The ball and socket formations do indeed provide for a more realistic hinging movement between the femur and tibia. However, the structural configuration of the plastic element and femoral component whereby the socket is provided has some serious drawbacks in the event that the prosthesis needs to be maintained or a component thereof needs to be replaced or serviced in some way. In such an event extensive surgery is required and, in fact, the surgery necessary is substantially as extensive as the original implant surgery.

An improved ball and socket formation is also presented by MUTARS, where the socket is a metallic cylindrical component inserted and locked in-between the intracondylar space of the femoral condyles and a half-spherical metal bearing which is attached to the tibila implant. However, metal-on-metal articulation is not desirable in implants of this nature. Design specifications of this configuration allows flexion, extension and rotation of the knee, but again replacement of worn parts requires complete dismantling of the prosthesis and major time-consuming surgery.

There is a need therefore for a knee prosthesis that is better configured for maintenance or repair purposes.

SUMMARY OF THE INVENTION

In accordance with this invention there is provided a knee prosthesis comprising a femoral component having at one end a pair of laterally spaced condylar formations, and a tibial component having a transverse platform supporting a shock absorbing bumper interposed between the platform and condylar formations with the tibial component supporting a ball of a ball and socket joint whereof the socket is held captive by the femoral component, the knee prosthesis being characterised in that the socket is provided in a generally cylindrical bearing having an axis extending generally parallel to a longitudinal axis of the femoral component with the bearing being held captive in a recess that is between the two laterally spaced condylar formations and is formed in the region of said end of the femoral component.

Further features of the invention provide for the axis of the bearing to be inclined laterally relative to the axis of the femoral component, typically at an angle of about 5° so that it is able to line up with a mechanical axis of the lower limb; for the bearing to be held captive in the recess in the femoral component by means of at least two oppositely and inwardly directed fasteners, that may have their axes inclined somewhat upwards towards the socket of the bearing and preferably having semi-spherical inner ends cooperating with complementarily shaped recesses associated with the bearing; for screw-threaded passages in tubular formations that are integral with the femoral component to receive the screw threaded fasteners; for the bearing to have a domed inner end and a short circular cylindrical part extending from the domed inner end; for the bearing to be made of a suitable polymeric material, especially a suitable mechanically and chemically resistant, especially wear resistant, polymeric material such as a polyether ether ketone (PEEK); for the fasteners to cooperate with a suitably rigid bearing support collar that engages the bearing to hold it captive in its position in the recess in the femoral component; and for the bearing to have a slot cooperating with a stem carrying the ball of the ball and socket joint to provide for bending of the prosthesis in use, corresponding to the angles of flexing of the prosthetic knee of from 0° to about 130°.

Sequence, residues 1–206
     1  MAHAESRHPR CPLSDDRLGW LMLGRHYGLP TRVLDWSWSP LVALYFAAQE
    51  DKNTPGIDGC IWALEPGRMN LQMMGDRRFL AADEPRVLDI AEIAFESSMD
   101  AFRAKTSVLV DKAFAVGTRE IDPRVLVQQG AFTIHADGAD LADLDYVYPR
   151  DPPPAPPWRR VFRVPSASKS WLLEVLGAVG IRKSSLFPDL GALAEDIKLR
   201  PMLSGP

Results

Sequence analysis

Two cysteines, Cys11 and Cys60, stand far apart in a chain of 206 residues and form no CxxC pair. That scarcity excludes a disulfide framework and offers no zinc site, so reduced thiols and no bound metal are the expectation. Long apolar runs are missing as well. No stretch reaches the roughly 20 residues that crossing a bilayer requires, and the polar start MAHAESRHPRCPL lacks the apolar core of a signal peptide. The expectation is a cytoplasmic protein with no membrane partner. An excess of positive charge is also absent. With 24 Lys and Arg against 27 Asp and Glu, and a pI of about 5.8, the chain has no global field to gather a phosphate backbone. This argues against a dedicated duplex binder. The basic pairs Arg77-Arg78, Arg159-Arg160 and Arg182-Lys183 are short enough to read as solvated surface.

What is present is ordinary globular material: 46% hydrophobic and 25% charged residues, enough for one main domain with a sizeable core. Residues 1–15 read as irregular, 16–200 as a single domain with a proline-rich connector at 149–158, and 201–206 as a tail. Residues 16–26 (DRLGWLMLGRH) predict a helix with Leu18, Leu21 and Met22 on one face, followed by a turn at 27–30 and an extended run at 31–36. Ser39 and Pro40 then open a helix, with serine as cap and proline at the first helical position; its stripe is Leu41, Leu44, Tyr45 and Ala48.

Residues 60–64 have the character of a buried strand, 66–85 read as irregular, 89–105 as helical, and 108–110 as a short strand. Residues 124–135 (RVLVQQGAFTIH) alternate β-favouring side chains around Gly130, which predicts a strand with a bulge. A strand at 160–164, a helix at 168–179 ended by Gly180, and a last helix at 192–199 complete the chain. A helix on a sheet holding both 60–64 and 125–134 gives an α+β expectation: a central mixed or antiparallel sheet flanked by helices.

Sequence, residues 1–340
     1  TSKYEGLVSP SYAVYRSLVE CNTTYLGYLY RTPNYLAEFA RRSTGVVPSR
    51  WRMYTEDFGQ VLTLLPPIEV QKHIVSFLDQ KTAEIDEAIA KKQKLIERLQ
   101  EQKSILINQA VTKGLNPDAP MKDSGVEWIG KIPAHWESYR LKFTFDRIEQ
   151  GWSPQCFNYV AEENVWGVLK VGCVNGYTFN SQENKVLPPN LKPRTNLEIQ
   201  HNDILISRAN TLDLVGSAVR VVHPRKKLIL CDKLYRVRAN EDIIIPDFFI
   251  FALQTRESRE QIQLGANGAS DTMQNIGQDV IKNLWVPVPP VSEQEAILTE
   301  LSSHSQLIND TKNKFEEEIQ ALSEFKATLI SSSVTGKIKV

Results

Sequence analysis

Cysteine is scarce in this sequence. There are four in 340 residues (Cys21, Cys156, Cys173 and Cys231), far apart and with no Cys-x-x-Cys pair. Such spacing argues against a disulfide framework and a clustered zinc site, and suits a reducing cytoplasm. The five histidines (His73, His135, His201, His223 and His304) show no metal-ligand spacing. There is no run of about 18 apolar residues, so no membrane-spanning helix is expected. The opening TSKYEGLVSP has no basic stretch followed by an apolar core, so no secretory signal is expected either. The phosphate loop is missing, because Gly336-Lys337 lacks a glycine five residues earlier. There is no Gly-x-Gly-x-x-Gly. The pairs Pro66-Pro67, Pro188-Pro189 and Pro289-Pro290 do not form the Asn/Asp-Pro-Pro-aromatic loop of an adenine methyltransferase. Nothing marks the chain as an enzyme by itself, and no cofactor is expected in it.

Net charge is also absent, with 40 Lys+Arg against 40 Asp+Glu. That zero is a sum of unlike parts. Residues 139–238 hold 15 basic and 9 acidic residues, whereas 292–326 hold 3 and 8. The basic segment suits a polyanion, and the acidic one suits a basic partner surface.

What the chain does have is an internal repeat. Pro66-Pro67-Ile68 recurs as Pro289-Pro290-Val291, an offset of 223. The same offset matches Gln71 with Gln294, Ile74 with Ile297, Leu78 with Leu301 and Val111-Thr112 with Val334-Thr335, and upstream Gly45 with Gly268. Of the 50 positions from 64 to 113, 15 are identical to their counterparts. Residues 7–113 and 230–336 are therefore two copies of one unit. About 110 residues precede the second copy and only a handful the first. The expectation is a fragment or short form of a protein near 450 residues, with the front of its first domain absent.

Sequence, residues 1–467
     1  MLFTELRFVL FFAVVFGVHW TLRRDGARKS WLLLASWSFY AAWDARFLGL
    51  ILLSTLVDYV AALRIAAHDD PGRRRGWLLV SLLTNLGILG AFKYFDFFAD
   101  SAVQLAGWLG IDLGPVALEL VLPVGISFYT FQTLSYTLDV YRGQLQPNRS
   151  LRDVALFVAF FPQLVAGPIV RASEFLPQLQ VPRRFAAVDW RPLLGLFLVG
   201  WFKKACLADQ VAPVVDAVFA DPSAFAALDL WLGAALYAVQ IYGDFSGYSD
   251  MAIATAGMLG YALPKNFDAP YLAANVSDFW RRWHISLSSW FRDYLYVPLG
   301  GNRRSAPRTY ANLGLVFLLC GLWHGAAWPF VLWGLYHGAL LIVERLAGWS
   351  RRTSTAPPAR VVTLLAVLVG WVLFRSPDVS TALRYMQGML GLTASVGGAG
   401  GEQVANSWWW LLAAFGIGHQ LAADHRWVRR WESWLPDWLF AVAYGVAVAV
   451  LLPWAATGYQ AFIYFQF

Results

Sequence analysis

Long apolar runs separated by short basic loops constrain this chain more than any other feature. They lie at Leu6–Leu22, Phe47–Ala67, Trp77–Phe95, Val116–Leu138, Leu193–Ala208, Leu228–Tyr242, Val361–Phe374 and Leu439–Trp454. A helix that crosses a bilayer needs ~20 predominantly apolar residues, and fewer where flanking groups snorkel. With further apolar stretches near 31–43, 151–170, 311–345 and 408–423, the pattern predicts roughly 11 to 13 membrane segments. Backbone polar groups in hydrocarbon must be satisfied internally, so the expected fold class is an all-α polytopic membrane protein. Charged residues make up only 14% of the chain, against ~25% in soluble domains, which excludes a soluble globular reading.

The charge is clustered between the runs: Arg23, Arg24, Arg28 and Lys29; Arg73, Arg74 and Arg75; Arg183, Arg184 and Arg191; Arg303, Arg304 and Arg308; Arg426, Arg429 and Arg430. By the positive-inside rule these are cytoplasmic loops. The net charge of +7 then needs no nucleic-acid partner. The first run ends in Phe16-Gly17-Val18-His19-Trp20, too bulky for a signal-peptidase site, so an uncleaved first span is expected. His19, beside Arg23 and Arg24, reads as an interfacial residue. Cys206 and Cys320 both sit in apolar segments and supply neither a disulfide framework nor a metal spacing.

Still further features of the invention provide for the ball of the ball and socket to be carried by a stem fitted into a cylindrical socket provided in the platform of the tibial component with the stem being held captive in the cylindrical socket by means of an offset transverse fastener having a smooth cylindrical section cooperating tangentially with a circumferential groove in the outer surface of the stem; for the tibial component to have a tapered socket for receiving a tibial intramedullary stem in taper lock cooperation with each other; and for medial and lateral fins to stabilise the platform relative to the tapered socket.

It is a particular feature of the invention that the bumper have shaped surfaces cooperating with the condylar surfaces of the femoral component with the bumper being attached to the platform of the tibial component by means of inter-engaging dovetail formations at one end of a pair of parallel laterally spaced shoe formations on the under surface of the bumper and a pair of oppositely directed catches formed integral with the platform.